AMD’s 2nd Gen Ryzen CPUs: Australian Pricing And Release Date

AMD’s 2nd Gen Ryzen CPUs: Australian Pricing And Release Date
Image: AMD

AMD has announced the desktop line-up of its 2nd generation Ryzen processors. Today, the company released details for four chips, ranging from the high-end 2700X (specs for which were leaked earlier this week), to the more budget-friendly 2600.

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In terms of hardware, not much separates the the 2700 and 2600 flavours, the biggest point of difference being eight cores versus six. Ignoring clock speeds, we won’t know how much of an impact this has on performance until benchmarks come out, but suffice it to say, all four chips look competitive.

2nd Generation AMD Ryzen Desktop Processors

Model Cores Threads Speed (max/base) SP Cache TDP Price
Ryzen 7 2700X 8 16 4.3/3.7GHz 20MB 105W $469
Ryzen 7 2700 8 16 4.1/3.2GHz 20MB 65W $425
Ryzen 5 2600X 6 12 4.2/3.6GHz 19MB 95W $319
Ryzen 5 2600 6 12 3.9/3.4GHz 19MB 65W $279

Each processor comes with a cooler — no surprises there — however, the ones AMD provides are a bit fancier than what you’d normally expect.

The top-of-the-line 2700X is boxed with a so-called “Prism LED” cooler, while the 2700 comes with the Spire LED. The 2600X and 2600 get the LED-less Spire and Stealth respectively.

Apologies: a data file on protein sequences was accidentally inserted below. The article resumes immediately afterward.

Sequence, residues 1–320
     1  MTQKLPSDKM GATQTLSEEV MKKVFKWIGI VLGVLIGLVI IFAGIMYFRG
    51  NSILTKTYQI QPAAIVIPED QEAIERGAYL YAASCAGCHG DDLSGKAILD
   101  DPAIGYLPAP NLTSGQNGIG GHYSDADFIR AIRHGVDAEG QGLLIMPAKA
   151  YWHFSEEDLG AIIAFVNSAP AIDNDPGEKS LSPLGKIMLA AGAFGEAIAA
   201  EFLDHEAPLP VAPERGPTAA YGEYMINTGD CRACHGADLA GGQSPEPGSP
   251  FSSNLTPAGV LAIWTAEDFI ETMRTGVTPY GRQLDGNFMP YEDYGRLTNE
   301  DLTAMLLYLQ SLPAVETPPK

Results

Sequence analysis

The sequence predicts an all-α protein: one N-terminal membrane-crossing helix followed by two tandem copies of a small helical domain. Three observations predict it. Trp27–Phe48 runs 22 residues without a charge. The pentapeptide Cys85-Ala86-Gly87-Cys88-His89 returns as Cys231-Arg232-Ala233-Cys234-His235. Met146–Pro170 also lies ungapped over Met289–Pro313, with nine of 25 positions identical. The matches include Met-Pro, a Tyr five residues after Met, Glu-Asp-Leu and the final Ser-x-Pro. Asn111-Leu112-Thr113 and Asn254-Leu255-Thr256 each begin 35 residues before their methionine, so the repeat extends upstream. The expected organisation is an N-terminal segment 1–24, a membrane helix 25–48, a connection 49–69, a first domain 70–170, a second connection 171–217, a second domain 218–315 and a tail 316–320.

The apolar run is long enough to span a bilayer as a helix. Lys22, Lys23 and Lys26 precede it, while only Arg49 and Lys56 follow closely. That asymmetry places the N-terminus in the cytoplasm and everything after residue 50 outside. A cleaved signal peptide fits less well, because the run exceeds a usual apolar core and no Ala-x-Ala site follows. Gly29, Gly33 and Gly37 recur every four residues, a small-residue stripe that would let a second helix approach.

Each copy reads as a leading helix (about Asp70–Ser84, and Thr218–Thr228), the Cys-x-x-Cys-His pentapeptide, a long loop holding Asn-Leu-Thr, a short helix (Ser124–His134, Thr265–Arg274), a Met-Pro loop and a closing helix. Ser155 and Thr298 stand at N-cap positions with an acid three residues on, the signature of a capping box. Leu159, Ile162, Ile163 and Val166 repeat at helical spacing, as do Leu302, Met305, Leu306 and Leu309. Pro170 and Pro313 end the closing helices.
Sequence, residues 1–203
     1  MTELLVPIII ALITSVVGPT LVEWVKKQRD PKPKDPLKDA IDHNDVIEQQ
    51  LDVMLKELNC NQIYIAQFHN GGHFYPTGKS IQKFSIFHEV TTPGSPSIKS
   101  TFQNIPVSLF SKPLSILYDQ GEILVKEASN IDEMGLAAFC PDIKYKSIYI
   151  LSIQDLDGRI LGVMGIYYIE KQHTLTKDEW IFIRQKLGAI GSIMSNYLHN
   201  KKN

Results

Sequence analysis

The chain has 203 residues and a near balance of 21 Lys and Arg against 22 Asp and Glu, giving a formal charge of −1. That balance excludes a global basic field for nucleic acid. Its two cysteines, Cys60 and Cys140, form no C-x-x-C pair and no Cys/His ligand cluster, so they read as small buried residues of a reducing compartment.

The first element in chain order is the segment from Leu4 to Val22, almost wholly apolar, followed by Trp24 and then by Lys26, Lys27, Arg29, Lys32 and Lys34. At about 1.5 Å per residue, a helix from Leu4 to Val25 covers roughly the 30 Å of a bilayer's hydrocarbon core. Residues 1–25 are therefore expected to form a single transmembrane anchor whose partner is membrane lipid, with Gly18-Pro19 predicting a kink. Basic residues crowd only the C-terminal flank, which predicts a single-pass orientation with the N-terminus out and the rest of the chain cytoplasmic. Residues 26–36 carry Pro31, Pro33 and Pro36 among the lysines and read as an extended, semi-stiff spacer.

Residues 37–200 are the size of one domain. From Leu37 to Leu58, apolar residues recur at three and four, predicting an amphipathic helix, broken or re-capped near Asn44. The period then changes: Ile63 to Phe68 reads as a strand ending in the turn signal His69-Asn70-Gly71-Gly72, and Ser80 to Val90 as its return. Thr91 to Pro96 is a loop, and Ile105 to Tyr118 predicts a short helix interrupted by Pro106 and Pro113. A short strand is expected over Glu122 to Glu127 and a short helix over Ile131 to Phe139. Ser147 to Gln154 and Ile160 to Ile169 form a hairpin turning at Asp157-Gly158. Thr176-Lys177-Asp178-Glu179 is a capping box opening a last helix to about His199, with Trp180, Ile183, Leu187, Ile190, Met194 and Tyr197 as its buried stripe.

Image: AMD

While the processors won’t be available until April 19, you are free to preorder them, now.


    • Yes. The official roadmap has it as “2H 2018”, so expect late summer/early fall just like OG Threadripper was last year (seeing as Ryzen 2 AM4 is launching 13 months after Ryzen 1 AM4 [April 2018 vs March 2017], I’d expect Threadripper 2 around September [seeing as TR1 laucnched last August]).

  • Does anyone remember the 3DFX Voodoo 2 8mb graphics cards? And that GT Interactive Unreal castle demo at the start of Unreal? Man those graphics were good.

    • Yup. Back when 3dfx’s proprietary “Glide” graphics API ruled the world, and was not only widely supported (and supported well, running WAY faster than OpenGL/DX 7 on 3dfx hardware), but often brought with it a bunch of unique graphical features you couldn’t get anywhere else. Like those in Unreal (those real-time reflections & lighting were absolutely groundbreaking at the time).

  • Its worth noting the boost clocks often only apply to the first core. Why they couldn’t boost 2 cores is beyond me,.

    • Uhh Ryzen’s “Precision Boost” has ALWAYS been for 2-cores (the best tested core from each 4-core CCX), not 1. Aka for the Ryzen 7 2700X 2x cores can boost up to 4.3GHz (with the “all-core” boost otoh, at around 4GHz).
      The only “1-core boost” on the Ryzen platform of any kind is “XFR” (“eXtended Frequency Range”) which will boost whichever of the 2 Precision Boost cores is the best binned another 0-100MHz past the normal boost limit assuming there’s enough thermal and power headroom to spare (in this case a 2-core Precision Boost max of 4.3GHz, so the 1-core boost w/ XFR ≈4.35GHz if there is sufficient temp/power headroom).

    • It’s more intended for cpu intensive single threaded applications, so boosting multiple cores is not needed.

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